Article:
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3 Questions to Ask Before Taking on Private Student Loans

If you’re set on pursuing a specialized career, a graduate degree may be the missing piece of the puzzle. But it won’t come cheap. For the 2014-2015 school year, the average tuition bill was about $8,000 and $28,000 at in-state public and private universities respectively. Doctoral candidates shelled out between $10,000 and $39,000 on average.

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Unless you’re sitting on a big pile of cash, earning a graduate degree means taking on student loans. If you’ve exhausted your federal borrowing limits, private loans may be the only way to fill the gap. Borrowing from private lenders does have some drawbacks, so there are a few questions to consider before signing on the dotted line.

1. What’s the Interest Rate?

All student loans are subject to interest charges, but there’s a big difference between rates for federal and private loans. With a federal loan, your interest rate is fixed, but private lenders may offer a variable rate instead.

Wells Fargo, for example, currently offers graduate school loans with variable rates ranging from 2.97% to 8.74%. The fixed rate option ranges from 6.12% to 10.61%. By comparison, the current rate for a federal Perkins loan is set at 5%.

When Is Grad School Worth the Cost?

2. How Good Is My Credit?

3 Questions to Ask Before Taking on Private Student Loans

The one thing that people often don’t understand about private loans is that your credit determines what kind of rate you qualify for. If you haven’t been actively building credit or you’ve had a slip-up or two as an undergrad, that can directly affect your rate.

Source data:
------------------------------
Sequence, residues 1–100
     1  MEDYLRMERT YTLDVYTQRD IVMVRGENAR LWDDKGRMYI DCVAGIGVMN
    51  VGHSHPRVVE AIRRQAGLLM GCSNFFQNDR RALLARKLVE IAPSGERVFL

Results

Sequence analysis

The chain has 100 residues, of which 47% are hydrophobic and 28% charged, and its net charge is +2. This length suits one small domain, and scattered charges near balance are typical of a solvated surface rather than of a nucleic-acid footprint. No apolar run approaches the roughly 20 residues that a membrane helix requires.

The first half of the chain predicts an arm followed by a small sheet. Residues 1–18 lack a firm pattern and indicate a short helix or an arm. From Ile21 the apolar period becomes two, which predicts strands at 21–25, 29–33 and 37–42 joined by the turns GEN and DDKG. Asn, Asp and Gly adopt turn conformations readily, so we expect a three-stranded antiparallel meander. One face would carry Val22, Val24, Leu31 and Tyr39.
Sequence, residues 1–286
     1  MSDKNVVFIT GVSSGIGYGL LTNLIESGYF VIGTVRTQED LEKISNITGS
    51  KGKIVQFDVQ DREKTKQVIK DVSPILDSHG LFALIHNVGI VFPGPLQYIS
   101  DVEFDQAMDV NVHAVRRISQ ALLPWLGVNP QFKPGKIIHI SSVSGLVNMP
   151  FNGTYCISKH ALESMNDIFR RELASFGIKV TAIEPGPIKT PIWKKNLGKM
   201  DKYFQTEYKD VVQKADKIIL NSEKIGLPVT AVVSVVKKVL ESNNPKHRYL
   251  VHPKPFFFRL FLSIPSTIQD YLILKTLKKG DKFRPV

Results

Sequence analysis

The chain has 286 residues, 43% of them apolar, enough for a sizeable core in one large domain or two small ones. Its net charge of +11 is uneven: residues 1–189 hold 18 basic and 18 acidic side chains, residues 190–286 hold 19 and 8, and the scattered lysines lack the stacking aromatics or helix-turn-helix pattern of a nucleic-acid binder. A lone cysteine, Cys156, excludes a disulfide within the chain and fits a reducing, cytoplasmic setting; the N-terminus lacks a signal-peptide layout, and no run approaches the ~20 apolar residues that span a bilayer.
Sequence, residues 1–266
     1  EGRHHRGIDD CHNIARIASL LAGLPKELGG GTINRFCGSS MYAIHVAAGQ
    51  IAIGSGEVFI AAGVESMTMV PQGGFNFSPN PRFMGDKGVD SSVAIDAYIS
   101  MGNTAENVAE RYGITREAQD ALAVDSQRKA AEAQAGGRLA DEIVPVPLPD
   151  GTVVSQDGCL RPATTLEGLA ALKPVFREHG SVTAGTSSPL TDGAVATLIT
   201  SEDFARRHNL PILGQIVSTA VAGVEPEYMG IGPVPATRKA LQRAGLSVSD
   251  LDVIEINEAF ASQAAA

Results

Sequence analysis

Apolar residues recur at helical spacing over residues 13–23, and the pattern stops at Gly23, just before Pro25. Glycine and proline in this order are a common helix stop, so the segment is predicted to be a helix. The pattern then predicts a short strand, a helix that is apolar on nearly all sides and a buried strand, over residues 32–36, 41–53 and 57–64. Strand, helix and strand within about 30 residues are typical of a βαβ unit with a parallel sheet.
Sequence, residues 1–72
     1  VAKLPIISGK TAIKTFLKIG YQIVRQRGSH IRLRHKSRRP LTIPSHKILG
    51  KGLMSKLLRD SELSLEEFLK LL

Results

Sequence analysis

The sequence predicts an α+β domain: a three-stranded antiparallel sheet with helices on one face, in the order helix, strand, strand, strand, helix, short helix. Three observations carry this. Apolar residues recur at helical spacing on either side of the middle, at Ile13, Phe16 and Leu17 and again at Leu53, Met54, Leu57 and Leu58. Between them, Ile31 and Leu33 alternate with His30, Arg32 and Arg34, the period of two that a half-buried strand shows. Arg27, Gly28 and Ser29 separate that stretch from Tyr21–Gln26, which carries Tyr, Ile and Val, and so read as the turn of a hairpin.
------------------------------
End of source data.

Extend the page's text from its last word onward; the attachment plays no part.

In some instances, you may even have to bring on a co-signer to seal the deal on a private loan. While this ensures that you get the funding you need for grad school, it can potentially complicate the relationship you have with the person who co-signs.

Once someone puts their name on the loan documents, they have an equal share of responsibility for the debt. If you default at some point, their credit will suffer and the lender could even come after them for the balance.

Related Article: 3 Tips for Getting Private Student Loans with Bad Credit

3. How Much Will My Loan Payments Be?

When grad school is on the horizon, you’re probably not thinking ahead to how all of your loan payments are going to add up, but it’s something you might not want to ignore. The goal of earning a master’s or doctoral degree is to make more money, but that means taking a calculated risk if you’re borrowing private loans.

Let’s say you owe $30,000 in loans for your undergraduate degree and you borrow another $30,000 in private loans to get through grad school. Your average combined interest rate for all of the loans works out to 7.25% (meaning you had a 4.66% and a 9.84% interest rate for your undergraduate federal loans and private grad school loans respectively). Assuming that you want to wipe out the debt in 10 years, you’d have to pay just over $700 a month to make that happen.

If you get stuck with a high interest rate on the private loans, you can expect the amount you owe to climb even higher.

Final Word

3 Questions to Ask Before Taking on Private Student Loans

Private student loans make up a small percentage of the $1.2 trillion owed collectively by students, but they can become a big problem for some borrowers. Racking up expensive loans might pay off in the form of a higher paycheck, but if you’re not able to stay on top of them once grad school is over, you could face some costly financial consequences.

Photo credit: ©iStock.com/Christopher Futcher, ©iStock.com/PeopleImages, ©iStock.com/shironosov

Rebecca Lake Rebecca Lake is a retirement, investing and estate planning expert who has been writing about personal finance for a decade. Her expertise in the finance niche also extends to home buying, credit cards, banking and small business. She's worked directly with several major financial and insurance brands, including Citibank, Discover and AIG and her writing has appeared online at U.S. News and World Report, CreditCards.com and Investopedia. Rebecca is a graduate of the University of South Carolina and she also attended Charleston Southern University as a graduate student. Originally from central Virginia, she now lives on the North Carolina coast along with her two children.
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